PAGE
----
Angry Birds Lite ready to flutter on to cheaper Android phones

Have an older or cheaper Android phone and missing out on the Angry Bird action? Great news -- Rovio is developing a version just for you.

Angry Birds for Android is a wonder of the modern world, but it has one tiny flaw -- hardly its fault, we feel embarrassed to bring it up. Owners of older, less powerful phones such as the HTC Hero and the Motorola Dext cursed out loud when they downloaded the game and low frame rates prevented them from flinging our fabulous feathered friends to their glorious doom.

Soon this won't be a problem though, with developer Rovio announcing that a lightweight version of Angry Birds built for low-spec Android phones is in the works. As well as running the game on older and slower Android devices, it should also allow the game to run on Android 1.6 or below.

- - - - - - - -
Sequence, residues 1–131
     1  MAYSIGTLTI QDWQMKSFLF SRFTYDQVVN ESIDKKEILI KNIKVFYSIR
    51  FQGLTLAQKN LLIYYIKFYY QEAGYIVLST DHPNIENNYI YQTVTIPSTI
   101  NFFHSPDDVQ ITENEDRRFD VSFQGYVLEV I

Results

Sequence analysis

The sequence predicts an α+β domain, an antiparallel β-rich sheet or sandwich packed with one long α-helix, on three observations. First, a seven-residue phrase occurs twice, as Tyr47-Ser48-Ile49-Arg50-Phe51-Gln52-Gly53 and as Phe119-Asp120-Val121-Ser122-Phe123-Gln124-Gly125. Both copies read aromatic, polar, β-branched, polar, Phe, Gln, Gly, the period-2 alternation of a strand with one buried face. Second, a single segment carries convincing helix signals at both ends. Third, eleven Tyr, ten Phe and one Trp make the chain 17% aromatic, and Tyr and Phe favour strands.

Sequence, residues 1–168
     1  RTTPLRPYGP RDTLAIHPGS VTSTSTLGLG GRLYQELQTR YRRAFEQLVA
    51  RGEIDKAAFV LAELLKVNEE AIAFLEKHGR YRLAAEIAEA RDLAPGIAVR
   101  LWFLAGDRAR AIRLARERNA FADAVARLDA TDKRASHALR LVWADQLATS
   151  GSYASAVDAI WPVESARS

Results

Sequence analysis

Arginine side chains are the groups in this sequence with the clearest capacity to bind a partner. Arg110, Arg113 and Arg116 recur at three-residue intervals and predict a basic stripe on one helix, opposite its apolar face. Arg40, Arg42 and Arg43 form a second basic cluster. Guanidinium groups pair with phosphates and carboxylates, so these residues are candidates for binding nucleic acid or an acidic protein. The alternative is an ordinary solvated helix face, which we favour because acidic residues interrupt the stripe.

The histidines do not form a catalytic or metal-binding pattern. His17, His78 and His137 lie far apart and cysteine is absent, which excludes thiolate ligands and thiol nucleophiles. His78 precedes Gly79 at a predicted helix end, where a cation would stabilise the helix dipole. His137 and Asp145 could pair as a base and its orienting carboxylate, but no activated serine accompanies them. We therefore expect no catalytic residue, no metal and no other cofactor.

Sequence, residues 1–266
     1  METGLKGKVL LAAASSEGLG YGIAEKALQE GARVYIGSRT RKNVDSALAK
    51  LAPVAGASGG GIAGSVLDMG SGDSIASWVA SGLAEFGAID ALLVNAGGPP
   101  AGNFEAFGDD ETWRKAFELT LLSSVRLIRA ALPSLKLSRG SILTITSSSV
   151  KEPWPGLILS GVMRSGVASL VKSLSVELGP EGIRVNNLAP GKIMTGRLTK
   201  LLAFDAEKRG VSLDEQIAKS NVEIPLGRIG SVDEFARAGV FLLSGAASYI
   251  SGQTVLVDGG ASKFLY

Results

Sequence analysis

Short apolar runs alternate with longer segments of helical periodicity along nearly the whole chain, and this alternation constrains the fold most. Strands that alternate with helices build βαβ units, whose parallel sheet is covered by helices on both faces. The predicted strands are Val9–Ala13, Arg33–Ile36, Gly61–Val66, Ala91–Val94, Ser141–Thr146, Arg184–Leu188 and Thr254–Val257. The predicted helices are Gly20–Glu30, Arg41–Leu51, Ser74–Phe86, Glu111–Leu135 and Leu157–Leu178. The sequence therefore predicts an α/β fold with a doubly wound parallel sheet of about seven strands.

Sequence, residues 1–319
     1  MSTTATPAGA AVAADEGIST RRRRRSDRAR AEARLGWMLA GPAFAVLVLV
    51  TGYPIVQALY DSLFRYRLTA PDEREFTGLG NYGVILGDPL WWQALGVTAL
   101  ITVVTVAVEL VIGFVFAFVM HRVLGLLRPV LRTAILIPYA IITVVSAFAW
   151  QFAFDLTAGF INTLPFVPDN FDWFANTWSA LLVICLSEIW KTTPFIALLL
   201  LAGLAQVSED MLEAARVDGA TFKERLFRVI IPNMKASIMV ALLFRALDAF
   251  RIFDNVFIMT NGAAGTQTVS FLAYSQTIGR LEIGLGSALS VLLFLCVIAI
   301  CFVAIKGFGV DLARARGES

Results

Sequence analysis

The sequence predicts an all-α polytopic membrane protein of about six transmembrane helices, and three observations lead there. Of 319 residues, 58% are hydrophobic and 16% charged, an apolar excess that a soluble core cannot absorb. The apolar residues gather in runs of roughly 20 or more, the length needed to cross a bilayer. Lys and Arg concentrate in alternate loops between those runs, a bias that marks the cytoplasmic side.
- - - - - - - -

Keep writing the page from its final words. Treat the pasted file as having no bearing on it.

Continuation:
As well as the Dext and Hero, other smart phones prevented from properly joining in the pig-bashing fun included the HTC Wildfire, Huawei Ideos , LG GW620 , Motorola Backflip and the Sony Ericsson Xperia X10 mini.

"We are currently developing a lighter solution to run Angry Birds on lower-end Android devices," the company wrote. "This does not mean lighter gameplay or a lesser amount of levels, but a game experience optimised for devices with less processing power."

Rovio said that from the beginning it aimed to put Angry Birds on as many Android devices as it could, which is why it's ad-supported rather than paid-for like the iPhone version. The Finns weren't keen on creating multiple versions of Angry Birds, but the game's massive popularity has clearly made a lightweight version worthwhile.

This week we also learned that the Angry Birds were about to hit consoles, in a multiplayer version with elements of the old-school classic Worms. Another new game will be from the point of view of the pigs.

While you're waiting, brush up on each of the suicidal birds with our handy tips.

Image credit: Artist and blogger das chupa celebrates completing Angry Birds Halloween by giving the avians a touch of Charles Darwin.

 

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